Which is so dumb on so many levels. (Life’s much more fun if you treat yourself like you’re your own bestie).

Enter: the postpartum loop-hole.

I had a baby 10 months ago, and during that process, any running fitness I had went bye-bye along with my ability not to cry while watching This Is Us.

But I also learnt something else. Something, if we’re honest, I kinda already knew:

It was like all of a sudden I didn’t mind if I had to do walk/jog/walk between lampposts.

I didn’t feel like I “should” (the dirtiest, guiltiest of words) be able to do this already. The postpartum loop-hole gave me permission to be a beginner, and to be ok with starting at the bottom (now we here).

“The Secret”

I had to have a baby to learn “the secret” (and get some bad ass lightening tattoos, which some people call stretch marks, but that’s cause they basic).

But all you’ve had to do is read this blog (… lazy?)

The secret is: Just go for it.

Don’t worry about the “what ifs” of “I shoulds”. If you want to try something.

Just go for it.

Start the blog (!). Book the tickets. Ask the question. Do the thing.

What’s the worst that could happen? You fail. Oh well. Everyone does that. Just learn from it, have a laugh, and move on.

Like me with running: I don’t really care if my face looks like a plum pudding when I run.

Because. I. Love. Running.

Well – I love the feeling directly after I finish running.

Endorphins, yeah, that’s what I love. Endorphins.

That and the amazing sense of pride I get after doing something stupid hard.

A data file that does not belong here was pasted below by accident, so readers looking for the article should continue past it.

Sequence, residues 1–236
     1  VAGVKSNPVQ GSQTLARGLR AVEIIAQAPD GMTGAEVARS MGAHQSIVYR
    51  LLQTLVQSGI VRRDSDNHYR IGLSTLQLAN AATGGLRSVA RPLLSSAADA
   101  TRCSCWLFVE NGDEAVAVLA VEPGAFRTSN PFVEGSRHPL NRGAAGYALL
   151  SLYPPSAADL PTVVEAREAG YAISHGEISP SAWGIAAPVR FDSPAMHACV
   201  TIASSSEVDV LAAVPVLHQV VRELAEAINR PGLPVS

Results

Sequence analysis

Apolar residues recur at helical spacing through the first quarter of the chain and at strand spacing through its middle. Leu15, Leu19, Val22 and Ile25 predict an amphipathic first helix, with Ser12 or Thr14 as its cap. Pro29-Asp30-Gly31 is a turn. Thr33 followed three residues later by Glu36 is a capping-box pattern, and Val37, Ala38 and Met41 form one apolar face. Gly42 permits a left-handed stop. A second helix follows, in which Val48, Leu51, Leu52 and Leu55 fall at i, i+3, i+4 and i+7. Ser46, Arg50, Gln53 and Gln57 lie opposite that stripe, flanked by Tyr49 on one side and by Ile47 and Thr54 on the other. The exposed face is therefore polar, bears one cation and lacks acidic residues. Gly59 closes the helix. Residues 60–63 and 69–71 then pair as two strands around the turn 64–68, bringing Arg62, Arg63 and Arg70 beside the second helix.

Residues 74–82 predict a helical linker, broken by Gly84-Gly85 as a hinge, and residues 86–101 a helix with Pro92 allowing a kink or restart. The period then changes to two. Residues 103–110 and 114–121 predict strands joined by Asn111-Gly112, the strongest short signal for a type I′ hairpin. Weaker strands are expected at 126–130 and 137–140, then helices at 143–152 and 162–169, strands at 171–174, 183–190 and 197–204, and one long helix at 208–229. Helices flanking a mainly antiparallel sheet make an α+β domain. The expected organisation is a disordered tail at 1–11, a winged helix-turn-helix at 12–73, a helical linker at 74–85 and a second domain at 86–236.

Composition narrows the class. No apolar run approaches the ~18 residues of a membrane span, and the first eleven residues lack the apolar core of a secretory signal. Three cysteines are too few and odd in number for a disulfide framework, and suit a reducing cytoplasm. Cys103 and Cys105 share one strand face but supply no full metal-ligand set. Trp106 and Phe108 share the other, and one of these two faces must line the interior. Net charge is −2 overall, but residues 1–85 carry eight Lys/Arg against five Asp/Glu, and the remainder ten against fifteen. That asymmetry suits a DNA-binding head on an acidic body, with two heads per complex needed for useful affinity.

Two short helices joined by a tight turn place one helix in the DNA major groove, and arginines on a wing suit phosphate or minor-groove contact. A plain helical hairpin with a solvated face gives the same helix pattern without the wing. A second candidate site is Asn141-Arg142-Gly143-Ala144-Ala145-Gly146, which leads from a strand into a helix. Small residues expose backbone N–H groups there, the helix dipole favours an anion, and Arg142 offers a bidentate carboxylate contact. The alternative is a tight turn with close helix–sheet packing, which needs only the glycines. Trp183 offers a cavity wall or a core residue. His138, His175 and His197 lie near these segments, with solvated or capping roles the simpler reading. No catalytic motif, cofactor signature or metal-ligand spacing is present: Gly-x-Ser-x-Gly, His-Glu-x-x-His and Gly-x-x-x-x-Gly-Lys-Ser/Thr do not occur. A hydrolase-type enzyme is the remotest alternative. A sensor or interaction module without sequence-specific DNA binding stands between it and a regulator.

And that’s exactly what I felt when I took the photo at the top of this post. It’s me after doing my first outside run without stopping around my new regular neighbourhood route (which Strava tells me is a tidy little 4.3km.)

I’m feelin’ 22 21.0975

Now I can’t very well tell you to just go for it, and not get on board myself.

So, I’m going to try something too.

I’m going to do the Wellington Round the Bays this February. Except this time – I’m going to do the half-marathon.

Which you better believe I instantly regret putting onto the internet and making myself accountable to. But stuff it.

I’m going for it.

Kate Rates: Running

It’s ridiculous and hard, and it makes you feel like death and victory all at once.

Running is the best.

10/10, would recommend.

Have you ever done a half-marathon before? For the love of all that is holy, please. Help. Me. Any tips would be very much appreciated.

Kate x

*On reflection, my taste was super questionable.